Since CGI applications are simply console applications, the same rules as console applications apply. Therefore, CGI applications should avoid using any unit that begins with the letter “Q”, the Xlib unit or the Xpm unit. Do not count on an X Window server being installed on a server configured with Apache.

CGI applications that require environment variables must be set within the httpd.conf file. The SetEnv directive provides the means to expose environment variables to CGI applications.

For CGI applications that are not being deployed to the standard cgi-bin directory located below the document root (which is specified with the DocumentRoot directive), add an additional section to the httpd.conf file. It should look similar to the example below.

ScriptAlias /mycgi/ “directory of cgi application”
<Directory “directory of cgi application”>
AllowOverride None
Options ExecCGI
Order allow, deny
Allow from all
</Directory>

 

dbExpress CGI applications must specify the LD_LIBRARY_PATH environment variable in the httpd.conf file. Also, the LANG environment variable must be set to an appropriate value within the httpd.conf file as well. Specifying the location of the database configuration files, the HOME environment variable should be set to the directory that contains the .borland subdirectory. If a HOME directory is not set, the global configuration file located in /usr/local/etc will be used.

Apache DSO applications

As mentioned previously, production Apache systems typically do not have an X Window system installed. Therefore, DSO applications should avoid using any unit that begins with the letter “Q”, the Xlib unit or the Xpm unit.

Two choices are available for setting environment variables in DSO applications. One option is to modify the /usr/sbin/apachectl (or /etc/init.d/httpd) script and add the appropriate environment variables. The other option is to modify the global configuration file named /etc/profile, adding the necessary environment variables. Either option requires root permissions.

Additional entries to the httpd.conf file are required for DSO applications. A LoadModule directive specifies the module name and the location of the DSO. In addition, a location directive indicates the path to activate the DSO application. A portion of the httpd.conf file is shown below.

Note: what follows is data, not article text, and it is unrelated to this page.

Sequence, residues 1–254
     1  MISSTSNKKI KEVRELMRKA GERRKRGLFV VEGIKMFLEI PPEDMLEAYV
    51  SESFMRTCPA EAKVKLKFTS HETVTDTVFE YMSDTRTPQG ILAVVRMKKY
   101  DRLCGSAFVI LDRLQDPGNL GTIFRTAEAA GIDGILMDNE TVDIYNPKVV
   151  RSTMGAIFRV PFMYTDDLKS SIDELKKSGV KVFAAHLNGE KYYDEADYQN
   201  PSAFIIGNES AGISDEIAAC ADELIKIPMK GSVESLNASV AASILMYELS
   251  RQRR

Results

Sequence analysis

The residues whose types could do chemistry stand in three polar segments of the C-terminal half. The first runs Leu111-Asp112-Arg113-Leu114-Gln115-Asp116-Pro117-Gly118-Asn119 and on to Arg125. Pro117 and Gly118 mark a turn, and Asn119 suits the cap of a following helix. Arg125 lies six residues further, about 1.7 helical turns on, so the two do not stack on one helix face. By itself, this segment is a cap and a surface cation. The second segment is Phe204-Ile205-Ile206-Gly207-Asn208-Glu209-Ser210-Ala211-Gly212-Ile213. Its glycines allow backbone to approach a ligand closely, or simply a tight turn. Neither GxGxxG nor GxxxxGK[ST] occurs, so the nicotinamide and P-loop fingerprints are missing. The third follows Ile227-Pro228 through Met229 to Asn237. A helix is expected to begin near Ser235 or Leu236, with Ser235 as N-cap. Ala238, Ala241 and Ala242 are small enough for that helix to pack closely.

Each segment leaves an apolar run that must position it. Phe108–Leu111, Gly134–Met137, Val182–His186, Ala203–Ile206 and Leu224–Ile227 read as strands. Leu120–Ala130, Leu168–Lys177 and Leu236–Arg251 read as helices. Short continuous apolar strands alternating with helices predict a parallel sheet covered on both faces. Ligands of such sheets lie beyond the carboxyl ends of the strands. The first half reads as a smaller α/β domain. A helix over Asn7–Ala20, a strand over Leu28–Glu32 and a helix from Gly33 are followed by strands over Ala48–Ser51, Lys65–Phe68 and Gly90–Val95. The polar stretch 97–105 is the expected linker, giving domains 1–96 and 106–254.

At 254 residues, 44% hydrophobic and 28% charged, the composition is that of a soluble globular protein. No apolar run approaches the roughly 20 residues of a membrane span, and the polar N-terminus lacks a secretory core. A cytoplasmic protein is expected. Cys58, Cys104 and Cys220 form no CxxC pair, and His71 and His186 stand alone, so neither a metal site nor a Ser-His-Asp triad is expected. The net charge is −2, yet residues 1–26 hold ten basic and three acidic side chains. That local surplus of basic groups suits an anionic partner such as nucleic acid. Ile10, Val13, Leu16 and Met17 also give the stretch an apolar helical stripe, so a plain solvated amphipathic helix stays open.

LoadModule MyDSOApp_module <directory>/<name of library> 

<Location “URL to activate DSO, e.g. /MyFirstDSO”>
SetHandler “name of library – all lowercase”-handler
</Location>

There is one additional requirement for DSO applications that use dbExpress components. The LANG and HOME environment variables need to be set in a manner mentioned in the previous section.

Shared object libraries

Shared object libraries that use the ShareExcept unit must deploy the libborunwind.so.6 along with the standard deployment libraries.

Visibroker/CORBA Applications

CORBA applications can be either console or GUI, so they follow the same rules as normal applications. In addition, three additional shared object libraries must be deployed. They are: liborbpas45.so.1, libvport_r.so and liborb_r.so.

WebSnap Applications

Since WebSnap applications are specialized CGI or DSO applications, they follow the same rules as CGI/DSO applications. Additionally, WebSnap applications must also deploy libjs.borland.so

An example startup script

A bash script provides more flexibility for applications that need to ensure that libraries can be located when the application is loaded. An example script is shown below. Remember to substitute the appropriate installation directory and executable name

#!/bin/bash
# sample installation startup script

# Change the next two variables to specify where the application
# resides. 
app_install_dir=<location of installation directory> 
app_path=$app_install_dir/bin/<name of executable>
app_ld_path=$app_install_dir/lib

# First check to see if we have an LD_LIBRARY_PATH environment variable
if [ -n "$LD_LIBRARY_PATH" ]; then
# we do, so prepend our path first
  export LD_LIBRARY_PATH="$app_ld_path:$LD_LIBRARY_PATH"
else
# we do not, so we will create the env var.
  export LD_LIBRARY_PATH="$app_ld_path"
fi

# make sure we have something specified for the LANG environment variable
if [ -z "$LANG" ]; then
# set LANG to an appropriate value
  export LANG=en_US
fi

# now run the application, passing any parameters that where specified.
$app_path $*

 

In this example script, the binary file is expected to be located in the bin directory. Similarly, the libraries are expected to be located in the lib directory. Remember to mark the script as an executable with the chmod command.